• Study Group 7 should succumb to accelerated HGD vs. baseline, but because of the way the carb content was determined, they aren't consuming that many more carbs than the isocaloric group (473 vs. 450), so their gains should be comparable to Study Group 1's.  Remember, it's not overeating that causes the obesity epidemic, so the fact they are consuming 540 cal/day more than they were habitually consuming should have additional impact.
Does anyone believe this is what would happen here?  I don't even think Gary Taubes believes this would happen or he's managed to completely delude himself through rote and repetition of the "carbs drives insulin drives fat accumulation" meme he's been droning on and on with for the past five or so years.  So, now let me ask you this:  Do you think Gary Taubes really wants this study done?  If the results came out as TWICHOO predicts, it would settle things for once and for all.  Busts of Gary Taubes would don the halls of institutions studying obesity for centuries to come.  The USDA would immediately issue new guidelines based on The Taubeskins Diet ... Panera Bread and IHOP would be put out of business immediately, meatzas would replace pizzas on school lunch menus, and deep fried bacon wrapped dogs would replace hot dogs in a bun.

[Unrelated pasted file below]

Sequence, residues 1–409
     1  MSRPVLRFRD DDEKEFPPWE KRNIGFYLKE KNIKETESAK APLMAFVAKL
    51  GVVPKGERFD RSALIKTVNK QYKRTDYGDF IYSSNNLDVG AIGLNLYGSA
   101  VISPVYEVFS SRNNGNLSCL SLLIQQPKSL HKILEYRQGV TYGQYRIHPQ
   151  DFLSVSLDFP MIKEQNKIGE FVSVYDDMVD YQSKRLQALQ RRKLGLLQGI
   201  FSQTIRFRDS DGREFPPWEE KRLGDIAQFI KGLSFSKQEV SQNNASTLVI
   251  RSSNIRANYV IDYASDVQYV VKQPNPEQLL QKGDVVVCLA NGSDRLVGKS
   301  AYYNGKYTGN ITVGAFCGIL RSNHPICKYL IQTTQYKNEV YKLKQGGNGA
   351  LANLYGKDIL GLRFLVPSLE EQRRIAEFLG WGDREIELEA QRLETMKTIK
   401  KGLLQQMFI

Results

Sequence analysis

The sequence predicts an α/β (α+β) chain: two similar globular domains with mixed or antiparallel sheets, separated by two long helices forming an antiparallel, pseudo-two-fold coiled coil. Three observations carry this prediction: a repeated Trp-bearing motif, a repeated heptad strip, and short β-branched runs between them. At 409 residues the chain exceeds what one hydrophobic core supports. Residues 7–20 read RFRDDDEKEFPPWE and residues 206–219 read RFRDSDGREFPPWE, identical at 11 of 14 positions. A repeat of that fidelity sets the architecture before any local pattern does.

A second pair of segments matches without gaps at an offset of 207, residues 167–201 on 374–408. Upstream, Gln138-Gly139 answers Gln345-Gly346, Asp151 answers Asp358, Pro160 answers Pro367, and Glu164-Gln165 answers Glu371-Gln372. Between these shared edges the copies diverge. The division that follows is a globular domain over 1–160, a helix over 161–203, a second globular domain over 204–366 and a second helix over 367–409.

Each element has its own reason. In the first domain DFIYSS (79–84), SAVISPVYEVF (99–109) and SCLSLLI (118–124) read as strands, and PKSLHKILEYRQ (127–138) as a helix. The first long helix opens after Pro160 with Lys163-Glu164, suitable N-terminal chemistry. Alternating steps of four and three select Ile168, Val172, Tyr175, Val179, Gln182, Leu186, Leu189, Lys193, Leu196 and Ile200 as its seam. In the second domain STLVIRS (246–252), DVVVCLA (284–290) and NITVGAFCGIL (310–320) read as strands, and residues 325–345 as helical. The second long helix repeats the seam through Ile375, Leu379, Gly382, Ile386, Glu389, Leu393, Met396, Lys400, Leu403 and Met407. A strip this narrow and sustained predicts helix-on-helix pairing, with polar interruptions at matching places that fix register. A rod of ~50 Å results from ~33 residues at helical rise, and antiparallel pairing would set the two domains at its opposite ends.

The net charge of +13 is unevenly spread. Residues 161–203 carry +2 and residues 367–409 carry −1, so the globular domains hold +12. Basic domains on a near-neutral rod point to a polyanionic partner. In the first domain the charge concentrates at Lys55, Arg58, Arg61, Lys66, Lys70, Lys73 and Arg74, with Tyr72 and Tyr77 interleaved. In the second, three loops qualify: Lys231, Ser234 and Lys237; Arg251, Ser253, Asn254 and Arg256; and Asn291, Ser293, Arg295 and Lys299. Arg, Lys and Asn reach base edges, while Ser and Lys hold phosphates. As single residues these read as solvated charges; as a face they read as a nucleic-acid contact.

Most importantly, Gary Taubes will be taken seriously.  But sadly, there would be no further use for NuSI because for once and for all the question has been answered.   Veil as they may with big talk about bringing together the best minds to design the best studies and fund the best science, the purpose of NuSI is to promote TWICHOO.  To cloak the dying hypothesis with legitimacy so that the franchise may live on.  Only it's even better because they get to feel good about all that philanthropy in the air.

Call me a cynic, but I'm not a big fan of non-profit advocacy groups and foundations that solicit donations in general.  A truly philanthropic act is to give of goods, services and/or funds from one's possessions.  It is not even philanthropy to direct a foundation founded with the fortunes on one's parents, grandparents or whatever.  To me a HeirFoundation head who pays him/herself an inflated salary, writes off their mansion/estate and other assorted living and travel expenses to their foundation, and presides over lavish benefits, self-flagellating dedications and fundraisers is not philanthropic.  The same goes for all of these celebrities and such that advocate for various causes, usually involving soliciting donations from you, the little person.